Many writers like to hide behind their words. If you theory held water, no writer would ever have a problem getting up in front of a crowd and reading a passage. I'd be willing to bet there are plenty of people just here, who wouldn't relish that prospect AND are very good writers.

tehuti88
12-06-2008, 08:01 PM
...my theory is that good writers are good joke tellers. Jokes being today’s version of stories. I’m a good teller of jokes, always have been. Not bragging, I was just born with the ability. People at parties ask me to tell jokes.

...

I believe joke telling (as a stand-in for story telling) consists of all the important elements of writing: premise, character development, POV, tense, pacing, timing, word selection, arc, climax (punch-line).

...

So what how do you test a theory? Why, you conduct an experiment. So here it is. If people laugh when you tell this joke you are a good joke teller, and my hypothesis is that you are therefore a story teller, and going even further, a good writer. If not, then not. What do you think? Plausible? Quite a stretch? Crock of shit?

I think it's backwards. A joke is just a funny story. Good joke tellers have to be able to tell a story well, not the other way around. And even then, just because somebody's good at one technique doesn't mean they'll be good at the other. Some people are good storytellers, but they can't tell a funny story to save their life.

I don't laugh at most jokes I'm told. Not usually because the person telling them is lousy at jokes, but because I just don't find them funny. What's funny is very subjective, and just because I don't laugh at somebody's jokes doesn't mean they'd be a lousy storyteller. That might be the issue, if they tell the jokes poorly, but more likely than not I'm just not amused. *shrug*

One of my favorite jokes is "A man walked into a bar. 'Ouch!'" Great storytelling? Not really, but it makes me laugh.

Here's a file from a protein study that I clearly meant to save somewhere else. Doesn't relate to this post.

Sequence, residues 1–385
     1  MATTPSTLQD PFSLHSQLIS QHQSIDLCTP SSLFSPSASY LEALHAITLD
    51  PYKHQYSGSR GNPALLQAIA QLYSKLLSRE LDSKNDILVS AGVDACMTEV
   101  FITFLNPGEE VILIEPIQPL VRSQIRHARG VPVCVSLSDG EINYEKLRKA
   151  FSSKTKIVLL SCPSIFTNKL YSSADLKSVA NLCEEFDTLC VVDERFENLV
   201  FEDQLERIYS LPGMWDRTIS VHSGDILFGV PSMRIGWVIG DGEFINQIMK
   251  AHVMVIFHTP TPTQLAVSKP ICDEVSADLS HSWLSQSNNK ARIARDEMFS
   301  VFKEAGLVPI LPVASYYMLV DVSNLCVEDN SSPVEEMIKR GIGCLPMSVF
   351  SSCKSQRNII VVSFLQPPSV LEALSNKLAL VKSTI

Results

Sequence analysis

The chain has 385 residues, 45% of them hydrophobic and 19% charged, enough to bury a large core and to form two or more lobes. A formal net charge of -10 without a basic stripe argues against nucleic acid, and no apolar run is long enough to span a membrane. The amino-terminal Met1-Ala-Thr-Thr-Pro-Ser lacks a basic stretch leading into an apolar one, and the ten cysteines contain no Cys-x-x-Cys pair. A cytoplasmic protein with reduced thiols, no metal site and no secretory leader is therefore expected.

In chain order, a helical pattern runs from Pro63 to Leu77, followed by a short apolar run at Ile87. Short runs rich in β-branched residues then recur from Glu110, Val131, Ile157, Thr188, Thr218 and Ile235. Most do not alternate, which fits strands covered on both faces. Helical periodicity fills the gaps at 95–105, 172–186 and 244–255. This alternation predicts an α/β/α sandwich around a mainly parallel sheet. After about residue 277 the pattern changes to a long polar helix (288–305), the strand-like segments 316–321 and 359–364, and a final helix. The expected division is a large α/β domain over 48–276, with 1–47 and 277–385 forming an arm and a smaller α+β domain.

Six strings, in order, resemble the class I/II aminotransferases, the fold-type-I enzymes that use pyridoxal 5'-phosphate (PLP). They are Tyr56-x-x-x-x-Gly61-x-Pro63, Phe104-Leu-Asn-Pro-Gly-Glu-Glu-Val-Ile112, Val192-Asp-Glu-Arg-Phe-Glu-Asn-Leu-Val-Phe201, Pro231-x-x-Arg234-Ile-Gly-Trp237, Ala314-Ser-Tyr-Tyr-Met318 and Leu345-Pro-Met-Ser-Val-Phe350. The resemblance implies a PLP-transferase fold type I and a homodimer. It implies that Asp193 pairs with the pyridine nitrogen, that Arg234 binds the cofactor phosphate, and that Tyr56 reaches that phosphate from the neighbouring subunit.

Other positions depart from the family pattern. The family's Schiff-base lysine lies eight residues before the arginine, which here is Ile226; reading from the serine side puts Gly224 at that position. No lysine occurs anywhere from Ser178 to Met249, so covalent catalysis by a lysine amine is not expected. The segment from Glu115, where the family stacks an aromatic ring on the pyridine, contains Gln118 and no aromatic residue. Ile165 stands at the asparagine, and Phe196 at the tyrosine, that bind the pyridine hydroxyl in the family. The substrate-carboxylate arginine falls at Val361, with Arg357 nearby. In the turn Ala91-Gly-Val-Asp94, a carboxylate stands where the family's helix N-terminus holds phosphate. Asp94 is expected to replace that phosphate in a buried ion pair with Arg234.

JRTurner
12-06-2008, 08:22 PM
Hey, I think there's some truth to this :) Not because I'm any good at telling jokes or because I believe any theory can be all-inclusive--especially one as specific as this one. But I have a little story of my own to share :)

Okay, I read all the books on how to write, Dwight, Swain, Maass, Frey, Card--you name it, I probably own it or did own it at one time. However, it wasn't until I picked up a book from my library that just blew me away that I began writing a much higher professional level--and then sold:

"Damn! That's Funny! Writing Humor You Can Sell" by Gene Perret

I don't write funny books--I write books along the lines of Tom Clancy or Clive Cussler--but it always lacked that special somehting I could never emulate from my favorite writers: that humorous warmth even in the face of dire and dangerous circumstances.

After reading how to write funny and applying those principles, I finally (FINALLY) captured that part that I just couldn't figure out on my own.

So, I would say that humor is important to understand and use well for most authors, and while it may not be something natural (as in my case) the techniques can be learned and enhance any writer's work--if you believe along the same lines that I do that all knowledge is useful :)

Or, I could be talking out of my butt!

Warmly,
Jenny:)

wrinkles
12-07-2008, 03:57 AM
This doesn't have much to do with telling jokes, but I agree with JRTurner. I think humor is too often left out of both novels and movies. I'm not talking about comedies, but dramas. Humor in the midst of the most terrible, awful, wrenching occurrencies is what makes fiction seem real. It can make drama truly dramatic.

Too often drama and comedy are seperate and never the twain shall meet. In my experience that isn't the way life works. It can't be corralled.

kuwisdelu
12-07-2008, 04:34 AM
I'd love to fill my drama with humor to break the tension once in a while.

Unfortunately, many people don't seem to share my opinion of what's funny.

However, I've had plenty of people compliment my (written) stories.

I agree with tehuti.

hammerklavier
12-08-2008, 07:09 PM
Many jokes are not that good when written down; tone of voice, facial expressions, and timing have a lot to do with making them funny.

aruna
12-08-2008, 07:54 PM
Well, I'm obviously a lousy writer since I can't tell jokes to save my life and in fact loathe any kind of public speaking!

In fact, the following is true for me. I really don't laugh at most jokes; I just don't find them funny. For me, humour and jokes are two totally different things. I can laugh out loud at humour in books, but still not find jokes funny. There's so much humour, for instance, in the novels of Dickens!




I don't laugh at most jokes I'm told. Not usually because the person telling them is lousy at jokes, but because I just don't find them funny. What's funny is very subjective, and just because I don't laugh at somebody's jokes doesn't mean they'd be a lousy storyteller. That might be the issue, if they tell the jokes poorly, but more likely than not I'm just not amused. *shrug*